A group of voices accompanies me in the exhibition. They are singing words I cannot comprehend, yet the warm tunes are familiar: folk songs, love songs, songs of longing. There are letters, too. They speak of the quotidian details of a soldier's life: the hardness of the war, sending money to the family, and longing for familiar landscapes, food,...
There has been a flurry of triennial and biennial art activity in Japan this year. The Aichi Triennale opened in Nagoya this August, sparking a national debate about the shutting down of a display of formerly censored works—the result of public backlash against a burnt image of Emperor Hirohito and a statue commemorating the women forced into...
Hans Hartung and Art Informel at Mazzoleni London (1 October 2019-18 January 2020) presents key works by the French-German painter while highlighting his connection with artists active in Paris during the 50s and 60s. In this video, writer and historian Alan Montgomery discusses Hartung's practice and its legacy.Born in Leipzig in 1904, Hans...
'This sight pleased Jules—it was so ordinary and reasonable. Walking alone here, even in his sweaty clothes, he was close to the secret workings of things, the way people lived when they were not being observed. In himself there were no secret workings: he had no ordinary reasonable life.' —Joyce Carrol Oates, Them, 1969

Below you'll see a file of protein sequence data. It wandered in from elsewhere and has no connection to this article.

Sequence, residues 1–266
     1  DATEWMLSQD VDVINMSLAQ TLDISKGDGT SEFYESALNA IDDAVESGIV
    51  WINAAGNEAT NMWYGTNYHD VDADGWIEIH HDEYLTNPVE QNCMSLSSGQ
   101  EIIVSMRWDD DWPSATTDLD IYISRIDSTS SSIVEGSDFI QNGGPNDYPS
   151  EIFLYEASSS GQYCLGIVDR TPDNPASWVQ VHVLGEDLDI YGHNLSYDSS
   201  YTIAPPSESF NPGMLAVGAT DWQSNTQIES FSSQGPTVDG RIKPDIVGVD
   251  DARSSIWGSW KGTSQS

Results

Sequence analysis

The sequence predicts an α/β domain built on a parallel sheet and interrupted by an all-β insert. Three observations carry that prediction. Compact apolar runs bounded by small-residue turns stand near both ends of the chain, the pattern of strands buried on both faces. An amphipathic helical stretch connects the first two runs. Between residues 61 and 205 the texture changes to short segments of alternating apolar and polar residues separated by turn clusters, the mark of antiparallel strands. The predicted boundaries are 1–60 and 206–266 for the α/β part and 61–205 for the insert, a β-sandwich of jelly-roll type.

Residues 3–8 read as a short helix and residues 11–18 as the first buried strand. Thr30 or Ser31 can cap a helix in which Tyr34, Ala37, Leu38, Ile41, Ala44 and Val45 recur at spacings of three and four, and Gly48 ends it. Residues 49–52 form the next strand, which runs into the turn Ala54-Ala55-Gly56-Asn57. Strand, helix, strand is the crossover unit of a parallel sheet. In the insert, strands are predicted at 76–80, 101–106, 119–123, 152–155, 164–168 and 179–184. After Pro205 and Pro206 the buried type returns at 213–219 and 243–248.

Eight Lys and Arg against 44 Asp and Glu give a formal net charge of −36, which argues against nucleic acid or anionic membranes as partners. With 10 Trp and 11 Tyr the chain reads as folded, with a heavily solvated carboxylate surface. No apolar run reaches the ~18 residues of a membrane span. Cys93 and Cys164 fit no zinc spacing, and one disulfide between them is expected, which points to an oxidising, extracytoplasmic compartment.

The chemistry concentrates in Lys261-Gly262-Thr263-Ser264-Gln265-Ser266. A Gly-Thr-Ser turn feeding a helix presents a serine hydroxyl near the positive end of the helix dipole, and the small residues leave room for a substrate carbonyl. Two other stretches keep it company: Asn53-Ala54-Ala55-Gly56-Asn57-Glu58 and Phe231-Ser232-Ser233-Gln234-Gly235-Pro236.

Perrotin New York presents a group exhibition surveying contemporary, figurative painting that seeks to re-examine the romantic embrace. The history of painting is rife with heterosexual depictions of intimacy: couples caught in a tender embrace or in vulnerable companionship. Yet, conspicuously absent throughout, are queer examples of these same behaviors. This exhibition proposes an investigation into sensitive depictions of romance and the poetry of contemporary quotidian queer life.
Homosexual love often eluded the canon, and even when not outright censored, found entrance through the usage of tempered and codified presentation. In the wake of Stonewall, and later, in response to the AIDS epidemic, a stark and necessary political turn was taken. Artists shifted their practices to create iconic, combative works, which acted as virulent retorts to oppressive censorship and the urgency of the times.
Today, with less anxiety, censorship and overt threats, queer artists have begun to fill a gap in the conservative history of painting and propose a prescient romantic vision. The artworks in Them insist concretely on the plausibility for another more just and tender world. Through aesthetics, these works create a conceptual utopianist blueprint for us all. They trade the realities of the here and now for future worlds where the artists' experiences and emotions are fully expressed.1 Respectively, they portray love without apology and bring poetic voice to current perceptions of queer agency and visibility.
And while safety from censorship and oppression is never fully guaranteed, especially in this turbulent political climate, Them recognizes the true power of this art, not as a means to normalize, but a continuance of queer propositions catalyzing alternative visions of social, sexual, personal and creative life.2
Donald Ryan, Director, Perrotin New York
1 Muñoz, José Esteban. Cruising Utopia: The Then and There of Queer Futurity. New York: New York University Press, 2009
2 Meyer, Richard. Outlaw Representation: Censorship and Homosexuality in Twentieth-Century American Art. S.l.: Echo Point Books & Media, 2018.
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